Academic journal article Yearbook of English Studies

'Came Errour Here by Mysse of Man': Editing and the Metaphysics of Presence

Academic journal article Yearbook of English Studies

'Came Errour Here by Mysse of Man': Editing and the Metaphysics of Presence

Article excerpt

'Je parle au papier.' (Montaigne)

I begin with a mid-sixteenth-century parable of textuality: Jasper Heywood's preface to his translation of Seneca's Thyestes, published in 1560. Heywood offers a personal story that will, I suppose, be familiar enough to most scholars. On a dreary November morning he sits reading, but he finds his 'pensiue thought | Deepe drownde in dumps of drousines'.[1] He succumbs to the ministrations of Morpheus: 'Downe I soonke my heauy head | and sleapt vppon my booke' (*v r). With his head resting upon the text, he begins to dream and his dream produces a fantasy vision of textuality. Having fallen asleep on a book, he also dreams of a book: a book borne in the hand of a stranger, someone who 'seemde' as if 'he had byn lodged long, | among the Muses nyne'. The stranger introduces himself as none other than Seneca and reveals to Heywood the purpose of his visit:

   Here I come to seeke some one
   that might renewe my name,
   And make me speake in stranger speech,
   and sette my woorks to sight,
   And skanne my verse in other tongue
   than I was woont to wright. (*vir)

Seneca, in other words, is seeking a translator and has fixed on Heywood as a likely candidate for the job.

Heywood demurs, initially indicating a fear of exposing himself to the vilifications of 'That Red heard, black mouthd, squint eyed wretch' (*viv), the critic. Beyond this, he modestly indicates a reluctance to take on work that he feels might more appropriately be assigned to someone 'of grauer age, | and [. . .] of greater skill' (*viir). He reinforces these two reasons with a third, explicitly textual argument, as he signals a profound unwillingness to enter into an engagement with the realm of print. Heywood explains to Seneca that he has been here before. He had already translated one of Seneca's plays (Troas) and it had been published in the previous year (1559) by the printer trading under the sign of the Hand and Star in Temple Bar. This was, of course, Richard Tottel, (in)famous for his Songes and Sonnettes, which had provided a collection of heavily emended poems by Wyatt, Surrey, and others, including Heywood's father, John. Heywood fils's experience with the printer is no happier than Heywood pe`re's may have been, as he reports:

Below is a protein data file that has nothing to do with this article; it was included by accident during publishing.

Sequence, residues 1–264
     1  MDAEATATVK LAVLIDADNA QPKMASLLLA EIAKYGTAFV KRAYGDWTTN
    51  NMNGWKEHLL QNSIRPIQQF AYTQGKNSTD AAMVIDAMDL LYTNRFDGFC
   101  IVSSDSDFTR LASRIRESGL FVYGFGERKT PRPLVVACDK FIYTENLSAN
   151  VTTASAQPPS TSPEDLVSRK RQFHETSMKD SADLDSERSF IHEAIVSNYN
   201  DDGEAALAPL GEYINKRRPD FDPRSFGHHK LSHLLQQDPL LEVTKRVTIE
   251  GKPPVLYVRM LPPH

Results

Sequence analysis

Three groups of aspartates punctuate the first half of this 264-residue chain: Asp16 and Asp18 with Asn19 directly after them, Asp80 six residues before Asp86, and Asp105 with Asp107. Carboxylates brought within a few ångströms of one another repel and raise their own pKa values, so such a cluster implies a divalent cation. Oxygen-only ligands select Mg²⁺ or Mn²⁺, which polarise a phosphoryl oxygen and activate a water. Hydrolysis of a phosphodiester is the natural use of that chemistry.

To printers hands I gaue the worke:
      by whome I had suche wrong,
   That though my selfe perusde their prooues
      the fyrst tyme, yet ere long
   When I was gone, they wolde agayne
      the print therof renewe,
   Corrupted all: in suche a sorte,
      that scant a sentence trewe
   Now flythe abroade as I it wrote. ([clover leaf]ir)

Seneca, as it happens, is able to sympathize with Heywood's concern. He too, he explains, has been the victim of the regime of print, which has forced him into a disjunction between intention and expression: 'Ofte what I yet neuer ment | they me enforce to speake' ([clover leaf]iv). One can only hope, Seneca suggests, that the reader may see that the author's true intent does not coincide with the text provided by the inevitably errant printer. 'Learned men', he tells Heywood, will recognize the disjunction and declare:

   Loe here the printer dooth him wrong,
      as easy is to trye:
   And slaunder dooth the authors name,
      and lewdly him belye ([clover leaf]iv).

If Heywood will agree to take on the task of translation, Seneca promises to provide him with direct advice and assistance ('I wil my selfe in these affayres, | a helper be to thee' ([clover leaf]iv)), a supernatural benefit that any translator might be happy to receive. But Seneca offers something more than just access to his own spectral presence. He also offers access to the volume that Heywood noticed in Seneca's hand when he first awoke into his textual dream, raising his head from the pages of the book he had been reading when he fell asleep. The contrast between that soporific earthly tome and the volume that Seneca now presents to him is great indeed. …

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